You may have caught me mentioning that my daughter graduated college this past spring. To refresh your memory: B.S. in Marketing — No Job.
My daughter’s small, expensive private college has a good reputation. In better days they were able to boast a 95% job placement rate, in part due to having several loyal alumni who were very successful and inclined to hire graduates from their alma mater. These days it’s more like 50-50, with a large amount of kids going directly to grad school because the job market is so very abysmal, and of the 50% jobs, 80-90% are not career track. Just jobs.
It doesn’t bother me that my kid doesn’t have a job yet. It’s been a weird summer for us, culminating in knee surgery along with a two- to three-week recovery, which made her feel funny asking someone for a job she couldn’t start until October.
One reason I am only mildly perturbed about the situation is that I know my daughter has many marketable skills other than that marketing degree. We are both surprised at how many of her friends never really had jobs while in school, and are now applying for positions with essentially zero experience. My kid has been working since she was 15, primarily because I refused to pay for her A.C. Moore and Target addictions. She was a lifeguard, first for kids at a swim club, then for seniors at a retirement community. She also has experience in retail, with a smattering of merchandising and display thrown in as a bonus. Her last job was lead generation for a home improvement company. In a nutshell, she has customer service, sales, inventory management, and some creative experience aside from her degree. Not too shabby for a 22-year-old, in my opinion.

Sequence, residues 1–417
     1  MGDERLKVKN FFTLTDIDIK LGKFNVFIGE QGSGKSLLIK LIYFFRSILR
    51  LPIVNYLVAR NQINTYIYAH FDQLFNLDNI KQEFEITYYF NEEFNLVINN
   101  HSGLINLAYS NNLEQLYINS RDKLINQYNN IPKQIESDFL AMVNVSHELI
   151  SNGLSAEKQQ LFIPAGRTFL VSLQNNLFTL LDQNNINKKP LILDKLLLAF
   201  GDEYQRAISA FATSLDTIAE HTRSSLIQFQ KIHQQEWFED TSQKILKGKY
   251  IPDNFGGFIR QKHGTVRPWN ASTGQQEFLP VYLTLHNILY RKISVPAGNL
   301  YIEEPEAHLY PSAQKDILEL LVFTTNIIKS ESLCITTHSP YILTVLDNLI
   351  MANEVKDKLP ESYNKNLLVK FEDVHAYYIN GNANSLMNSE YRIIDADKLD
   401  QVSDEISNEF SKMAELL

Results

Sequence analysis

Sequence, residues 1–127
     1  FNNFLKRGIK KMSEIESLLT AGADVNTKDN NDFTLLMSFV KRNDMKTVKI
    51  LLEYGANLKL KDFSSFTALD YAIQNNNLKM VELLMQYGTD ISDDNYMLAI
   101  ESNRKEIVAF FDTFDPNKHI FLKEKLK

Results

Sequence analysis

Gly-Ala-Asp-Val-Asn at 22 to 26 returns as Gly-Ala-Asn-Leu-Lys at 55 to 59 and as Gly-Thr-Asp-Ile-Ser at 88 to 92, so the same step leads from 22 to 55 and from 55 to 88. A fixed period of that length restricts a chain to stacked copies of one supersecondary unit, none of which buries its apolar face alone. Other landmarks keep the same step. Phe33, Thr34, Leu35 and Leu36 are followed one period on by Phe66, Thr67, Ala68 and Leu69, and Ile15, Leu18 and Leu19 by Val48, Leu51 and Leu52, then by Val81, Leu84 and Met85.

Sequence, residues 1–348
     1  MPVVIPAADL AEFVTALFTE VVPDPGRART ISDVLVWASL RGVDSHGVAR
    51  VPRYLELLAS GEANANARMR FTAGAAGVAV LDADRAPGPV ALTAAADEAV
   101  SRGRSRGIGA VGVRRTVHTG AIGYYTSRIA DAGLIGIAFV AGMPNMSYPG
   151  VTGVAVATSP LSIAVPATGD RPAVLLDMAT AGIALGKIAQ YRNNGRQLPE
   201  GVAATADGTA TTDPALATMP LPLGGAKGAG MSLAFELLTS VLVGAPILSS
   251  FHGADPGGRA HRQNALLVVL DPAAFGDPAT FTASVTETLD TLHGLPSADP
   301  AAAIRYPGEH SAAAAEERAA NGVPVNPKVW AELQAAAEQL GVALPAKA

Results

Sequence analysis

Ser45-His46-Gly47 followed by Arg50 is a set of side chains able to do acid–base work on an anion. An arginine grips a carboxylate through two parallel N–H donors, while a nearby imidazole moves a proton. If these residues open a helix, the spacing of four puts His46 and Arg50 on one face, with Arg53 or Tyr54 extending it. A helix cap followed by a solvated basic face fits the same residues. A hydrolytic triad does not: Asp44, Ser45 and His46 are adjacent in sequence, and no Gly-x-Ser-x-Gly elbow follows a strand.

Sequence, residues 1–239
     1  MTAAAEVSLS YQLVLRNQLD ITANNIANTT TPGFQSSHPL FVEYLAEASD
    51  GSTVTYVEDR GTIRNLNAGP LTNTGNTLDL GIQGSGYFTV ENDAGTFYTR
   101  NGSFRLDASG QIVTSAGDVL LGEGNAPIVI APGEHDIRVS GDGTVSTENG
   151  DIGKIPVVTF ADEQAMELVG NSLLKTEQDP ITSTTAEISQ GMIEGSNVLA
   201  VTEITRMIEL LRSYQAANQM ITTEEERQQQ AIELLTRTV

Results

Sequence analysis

So you might say that in addition to graduating, my daughter has a lot of experience in the Finishing School of Real Life. Let me share some of what we have both discovered:
Unhappy people have a tendency to make you unhappy.
Sooner or later we all learn that “the customer ISN’T always right,” but the customer DOES have to be happy. Whether it’s making a product substitution, going out of your way to get the customer what they really need, or just simply appealing to their ego with a compliment, customers need to be cared for. When you go to work, leave your own ego — and any stray nasty attitudes you may have — at home.
Whether you work for a big company, the corner drugstore, or have your own business, your job is to create value. Many years ago when I first started my little boutique ad agency I was approached by a larger agency and asked to come up with a proposal for a one-time job for one of their big, national clients. I got the job, according to them, because I was the only one of the five companies they approached who included an actual layout of what I believed the job should look like in my proposal. Everyone else handed them a piece of paper with a description and price.
I received the brochure copy, which was written by engineers and total gibberish, so I translated it into English. No charge. (They were NOT going to ruin a great portfolio piece with lousy copy! I didn’t get a shot at national clients all that often.) My clients were thrilled and I got many more projects from them over the next few years.
Never stop learning.
Here’s where I get to make some parents green with envy: My kid thinks I’m smart! She asks me all sorts of questions that, when I am able to give the answers, she accepts without reservation. Of course, I am smart enough not to make things up if I don’t know the answers, so we both end up researching — and learning.
She is thinking about taking a course or two to fill in what she missed at college, or just to expand her skills. A web design course at our community college is first on the agenda, but there is also a long list of online seminars and training packages she is planning to do.
She can’t do this full time or forever, of course. So if you’re hiring she will be fully healed and available in October.
Rhonda Wenner is a Very Old Advertising Person who has been there, done that, and seen quite a bit.